Sunday, September 20, 2009

Paris - the next great beer destination?

It's been almost a year since I've been to Paris, so I thought I better do something with my beer notes before they made no sense any more....

When you think of France, beer isn't the first thing that springs to mind, but maybe it will be, and sooner than you think. Take a walk around Paris and see what everyone is drinking. Chances are you'll see as many people having a beer as having a glass of wine.

With Paris being an easy weekend trip from Denmark, I decided to see just what there was on offer.

Starting my trip in virtual reality, I found there were two brewpubs in Paris -- one of which was a chain with several locations throughout Paris and elsewhere in France -- several specialty beer stores, as well as a farm brewery that would hopefully be accessible by public transport.

After investigation, my goal for the weekend was to visit Brasserie O'Neil and The Frog & Princess brewpubs, the Cave à Bulles specialty beer store, these were located close to our hotel, and then make a trek out to Ferme-Brasserie de Gaillon (Farm Brewery de Gaillon). Unfortunately the trip out to the farm brewery was difficult to plan with the information I could find on the internet, so it didn't work out. Our failed attempt did work well as a reconnaissance mission for a future trip, but that's another story.

Cave à Bulles is a beer store specializing in French and Belgian craft beers. The staff member we talked to spoke great English and was very helpful with recommending French beers we should try based on our preferred tastes. After Kim told him that our favorite beers were stouts and IPAs, he proceeded to show us which French breweries made beers of those styles. We even got some beer glasses for our growing collection. The biggest problem was steering him to show us the world of French beers aside from our preferences. In the end we managed to express this and came away with a selection of beers to get us through the weekend as well as a few to stash in our luggage to drink once we returned home.

We also talked up visiting Ferme-Brasserie de Gaillon, whilst selecting a couple of their beers. What we found out is that had we made the trip all the way out to the brewery, we probably would have been disappointed, as we could have seen or done nothing, just purchased the same beers we were buying in the shop. On the plus side, we learned that it's good to visit when they have open house once a year in October. At the open house, they have tours and other brewing events for two days. A future trip?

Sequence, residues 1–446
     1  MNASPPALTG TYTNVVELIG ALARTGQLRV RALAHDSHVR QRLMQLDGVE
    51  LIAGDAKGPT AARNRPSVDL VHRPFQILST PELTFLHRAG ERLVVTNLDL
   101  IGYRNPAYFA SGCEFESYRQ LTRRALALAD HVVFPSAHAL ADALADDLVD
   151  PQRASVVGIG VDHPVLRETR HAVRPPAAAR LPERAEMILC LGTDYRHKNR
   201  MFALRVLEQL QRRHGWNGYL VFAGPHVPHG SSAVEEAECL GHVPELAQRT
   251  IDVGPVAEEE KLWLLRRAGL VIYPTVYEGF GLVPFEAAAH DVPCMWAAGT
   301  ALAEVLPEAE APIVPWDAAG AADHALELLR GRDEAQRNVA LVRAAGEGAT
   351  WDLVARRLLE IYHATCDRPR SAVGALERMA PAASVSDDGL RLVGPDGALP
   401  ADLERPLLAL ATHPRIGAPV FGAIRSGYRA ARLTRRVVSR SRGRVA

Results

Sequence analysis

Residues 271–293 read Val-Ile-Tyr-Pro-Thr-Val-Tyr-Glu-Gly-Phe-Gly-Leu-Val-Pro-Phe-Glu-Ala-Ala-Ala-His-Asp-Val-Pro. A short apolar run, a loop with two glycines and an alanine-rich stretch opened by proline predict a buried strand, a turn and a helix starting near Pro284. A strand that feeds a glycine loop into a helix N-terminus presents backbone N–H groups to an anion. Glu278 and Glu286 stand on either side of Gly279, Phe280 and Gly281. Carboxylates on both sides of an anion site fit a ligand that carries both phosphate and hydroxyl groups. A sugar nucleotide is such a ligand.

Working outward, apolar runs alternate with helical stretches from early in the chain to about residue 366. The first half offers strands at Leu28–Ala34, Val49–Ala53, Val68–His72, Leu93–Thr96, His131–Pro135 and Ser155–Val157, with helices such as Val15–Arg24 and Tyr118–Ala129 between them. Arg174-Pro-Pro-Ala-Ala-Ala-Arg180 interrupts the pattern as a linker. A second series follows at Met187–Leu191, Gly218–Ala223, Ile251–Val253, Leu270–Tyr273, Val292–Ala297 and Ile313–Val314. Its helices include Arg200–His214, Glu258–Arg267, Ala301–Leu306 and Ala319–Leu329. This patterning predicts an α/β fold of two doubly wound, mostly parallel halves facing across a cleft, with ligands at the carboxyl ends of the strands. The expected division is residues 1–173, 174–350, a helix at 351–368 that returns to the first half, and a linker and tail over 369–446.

Brasserie O'Neil is a restaurant and brewpub, so we decided to have dinner there as well. This turned out to be a wise decision as the bar area was small and packed, and you could only get a table if you were eating as well. We waited about 5 minutes before being seated in a small balcony section. The menu was only in French, but the waiter was very good at English and did a good job translating the menu when we needed it. Flammekueches are the specialty of the restaurant; there is not much else on the menu. The waiter described them as basically a white pizza with bacon and onions, and then various toppings. Sounded like good beer food, and it turned out it was.

O'Niel's beers didn't have very inspiring names, but at least they were easy to figure out: La Blonde (blond), L’Ambrée (amber), La Brune (brown), La Blanche (white), and you can buy them by the glass (25 cl), mug (40 cl), or even a pitcher (1.8 l). Between us we tried L’Ambrée, La Brune, and La Blanche. They were all good beers, La Brune being my favorite, followed closely by La Blanche, which also made an excellent palate cleanser. There was no information about how strong the beers are, that you'll have to gauge on your own after a few pitchers.

The Frog & Princess, our last planned destination, was totally packed and we barely made it to the bar. The sign on the wall showed 4 beers on tap, here they used some creativity in the names: Frog Natural Blonde (4.2%), Maison Blanche (4.2%), Inseine (4.4%), and Dark de Triomphe (5.0%). Kim chose Inseine, for the hops, and I chose Dark de Triomphe, a milk stout. As we moved away from the overcrowded bar and found a spot to stand by the wall that wasn't totally blocking traffic, we sipped our beers, and had a conversation that strained our ears and throats. As we drank, the crowed thinned out a bit, or maybe it was just that a lot of people went outside for a smoke. The Dark de Triomphe was mild and pleasant at first, but the aftertaste was odd. A milk stout is sweetened with lactose, and this one, while not tasting too sweet, had a decidedly milky aftertaste. As this was my first milk stout I wasn't sure if they were all this way, or if it was just the Dark, or if this batch was just bad. In the end, I did not think I could follow this beer with a different one, or drink another of the same. Creativity in the brewing as well, but maybe a tad bit too creative for me.

In addition to what I scouted out on the net, we also found a Belgian restaurant, La GueuzeAdresse:, which had lots of beer options, including Belgian beer on tap and a large, diverse list of bottled beer as well. If you visit the Jardin du Luxembourg, or the Pantheon, it's just right around the corner, so stop in and have a beer!

Still not convinced that Paris is the next great beer destination? I can only urge you to see for yourself.

1 comment:

  1. Thanks for the suggestions. The food blog is still a work in progress and I had forgotten to link to the Food Network site.